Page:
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Molecular Hydrogen as an Energy Source for Helicobacter pylori

Science  29 Nov 2002:
Vol. 298, Issue 5599, pp. 1788-1790
DOI: 10.1126/science.1077123

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Abstract

The gastric pathogen Helicobacter pylori is known to be able to use molecular hydrogen as a respiratory substrate when grown in the laboratory. We found that hydrogen is available in the gastric mucosa of mice and that its use greatly increased the stomach colonization by H. pylori. Hydrogenase activity inH. pylori is constitutive but increased fivefold upon incubation with hydrogen. Hydrogen concentrations measured in the stomachs of live mice were found to be 10 to 50 times as high as theH. pylori affinity for hydrogen. A hydrogenase mutant strain is much less efficient in its colonization of mice. Therefore, hydrogen present in animals as a consequence of normal colonic flora is an energy-yielding substrate that can facilitate the maintenance of a pathogenic bacterium.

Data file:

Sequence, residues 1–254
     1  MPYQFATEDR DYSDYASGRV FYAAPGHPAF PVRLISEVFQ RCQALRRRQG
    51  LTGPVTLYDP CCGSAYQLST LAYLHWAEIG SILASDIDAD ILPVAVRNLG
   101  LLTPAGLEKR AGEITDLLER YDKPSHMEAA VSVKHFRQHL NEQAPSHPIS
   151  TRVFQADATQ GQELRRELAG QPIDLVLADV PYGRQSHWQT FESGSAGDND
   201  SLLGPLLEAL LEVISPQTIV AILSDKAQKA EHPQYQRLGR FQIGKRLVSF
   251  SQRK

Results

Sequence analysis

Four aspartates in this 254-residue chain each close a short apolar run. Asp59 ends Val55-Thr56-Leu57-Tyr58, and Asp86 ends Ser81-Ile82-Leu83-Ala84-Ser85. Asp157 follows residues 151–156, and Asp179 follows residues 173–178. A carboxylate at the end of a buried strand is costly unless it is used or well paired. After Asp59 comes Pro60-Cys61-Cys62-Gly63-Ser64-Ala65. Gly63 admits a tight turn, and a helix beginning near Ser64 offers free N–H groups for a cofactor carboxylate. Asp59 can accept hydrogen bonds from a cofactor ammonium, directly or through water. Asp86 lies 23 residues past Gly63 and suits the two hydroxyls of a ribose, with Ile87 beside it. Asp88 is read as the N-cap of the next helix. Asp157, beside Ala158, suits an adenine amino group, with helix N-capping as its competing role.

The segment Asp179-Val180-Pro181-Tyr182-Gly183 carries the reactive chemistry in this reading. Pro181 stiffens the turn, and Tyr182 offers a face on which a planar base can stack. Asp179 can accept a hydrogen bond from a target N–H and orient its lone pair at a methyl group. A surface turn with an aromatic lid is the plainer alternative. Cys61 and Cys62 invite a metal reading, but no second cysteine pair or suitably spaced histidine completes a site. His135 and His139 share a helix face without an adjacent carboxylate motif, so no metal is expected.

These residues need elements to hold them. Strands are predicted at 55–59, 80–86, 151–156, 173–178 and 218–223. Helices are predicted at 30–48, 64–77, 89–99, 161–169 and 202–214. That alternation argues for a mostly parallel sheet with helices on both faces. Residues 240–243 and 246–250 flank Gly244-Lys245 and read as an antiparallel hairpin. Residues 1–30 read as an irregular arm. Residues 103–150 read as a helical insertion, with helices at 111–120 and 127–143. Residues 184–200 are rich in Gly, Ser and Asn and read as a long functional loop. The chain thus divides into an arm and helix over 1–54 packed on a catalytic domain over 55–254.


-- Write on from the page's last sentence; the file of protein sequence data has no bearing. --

• * Present address: Department of Microbiology, North Carolina State University, Raleigh, NC 27695, USA.

  • To whom correspondence should be addressed. E-mail: rmaier{at}arches.uga.edu

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